The King’s Man | Director: Matthew Vaughn | Rating: 8.2/11 |
After what feels like a decade of delays, The King’s Man is finally here. Set as a prequel to the Kingsman movies we already know and love, The King’s Man allows viewers to effectively watch the birth of this secret independent international intelligence agency. Throughout the course of the film you’ll learn the hows and the whys behind everything, including where the code names like Merlin came from and why it’s oxfords not brogues.
Now there’s certain expectations that come with the Kingsman movies; they are charming, witty, and have a trademark fighting style. The King’s Man features two of these three components, it’s witty and the fight choreography is once again next level while maintaining familiarity. For example, the elements of the Russian ballet added into the Rasputin fight scene were masterful. If the characters, or writing, had just been slightly more charming this film would have knocked it out of the park. Also, could we have Daniel Brühl play anything else besides a German bad guy? Sure, he does it well (he’s wonderful as Baron Zemo in the MCU), but let’s break out of the typecasting.
Taking place in the early 1900s all the way through World War I allows the perfect backdrop of historical events and figures to enter the storyline and give cause/need for the Kingsman existence. The highlight of which being every scene with Rasputin (side note: fans of The Great on Hulu might especially enjoy these moments). Rasputin, portrayed by Rhys Ifans, is simply the perfect villain even if he’s not the main antagonist of the film.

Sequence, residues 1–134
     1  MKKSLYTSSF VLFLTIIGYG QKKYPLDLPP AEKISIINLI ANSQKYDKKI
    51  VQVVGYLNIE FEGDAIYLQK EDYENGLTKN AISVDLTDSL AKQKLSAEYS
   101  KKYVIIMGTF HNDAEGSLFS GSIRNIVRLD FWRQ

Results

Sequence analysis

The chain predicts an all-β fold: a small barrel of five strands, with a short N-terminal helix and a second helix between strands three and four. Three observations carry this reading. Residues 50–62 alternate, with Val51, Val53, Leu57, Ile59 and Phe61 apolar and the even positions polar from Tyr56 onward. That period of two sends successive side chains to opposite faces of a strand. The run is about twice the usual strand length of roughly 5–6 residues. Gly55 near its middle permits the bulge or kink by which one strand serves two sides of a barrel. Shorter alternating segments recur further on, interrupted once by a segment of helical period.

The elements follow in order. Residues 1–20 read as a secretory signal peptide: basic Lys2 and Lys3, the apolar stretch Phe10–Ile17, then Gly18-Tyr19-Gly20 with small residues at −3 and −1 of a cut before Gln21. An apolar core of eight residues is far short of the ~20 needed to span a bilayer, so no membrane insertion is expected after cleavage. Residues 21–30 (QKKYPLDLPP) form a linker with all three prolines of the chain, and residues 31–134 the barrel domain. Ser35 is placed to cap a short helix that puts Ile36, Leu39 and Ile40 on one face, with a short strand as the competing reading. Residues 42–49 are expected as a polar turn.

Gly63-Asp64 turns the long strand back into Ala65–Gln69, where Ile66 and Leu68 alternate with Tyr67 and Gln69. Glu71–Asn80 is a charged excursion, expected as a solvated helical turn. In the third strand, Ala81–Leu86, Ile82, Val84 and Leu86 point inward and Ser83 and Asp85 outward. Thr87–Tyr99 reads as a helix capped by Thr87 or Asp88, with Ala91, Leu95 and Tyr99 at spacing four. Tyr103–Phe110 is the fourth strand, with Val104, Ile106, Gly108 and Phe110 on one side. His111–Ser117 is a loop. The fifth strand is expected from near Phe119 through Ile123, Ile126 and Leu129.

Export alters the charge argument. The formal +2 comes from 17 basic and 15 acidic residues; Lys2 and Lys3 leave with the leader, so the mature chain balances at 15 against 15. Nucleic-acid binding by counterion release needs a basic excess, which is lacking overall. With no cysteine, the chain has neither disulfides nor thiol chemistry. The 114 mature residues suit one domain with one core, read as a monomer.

Director, producer and writer Matthew Vaughn continues to deliver excellence in the Kingsman franchise, with every moment of this film masterfully shot. Watching Conrad, portrayed by Harris Dickinson, become a war hero felt like a scene out of 1917. The cinematic scope is breathtaking. Conrad being the son of The Duke of Oxford, The Duke of Oxford, portrayed by Ralph Fiennes, being a founding member of Kingsman. Plus we get a strong female character! Polly, portrayed by Gemma Arterton, is a maid in The Duke of Oxford’s household, but she’s also his most trusted confidant, highly intelligent and a badass sharpshooter.
While The King’s Man is not the strongest of the, thus far, three Kingsman films, it is by no means a bad film. Filled with easter eggs you’ll recall from the previous films (you might consider a rewatch), The King’s Man will only whet your palette for future Kingsman films.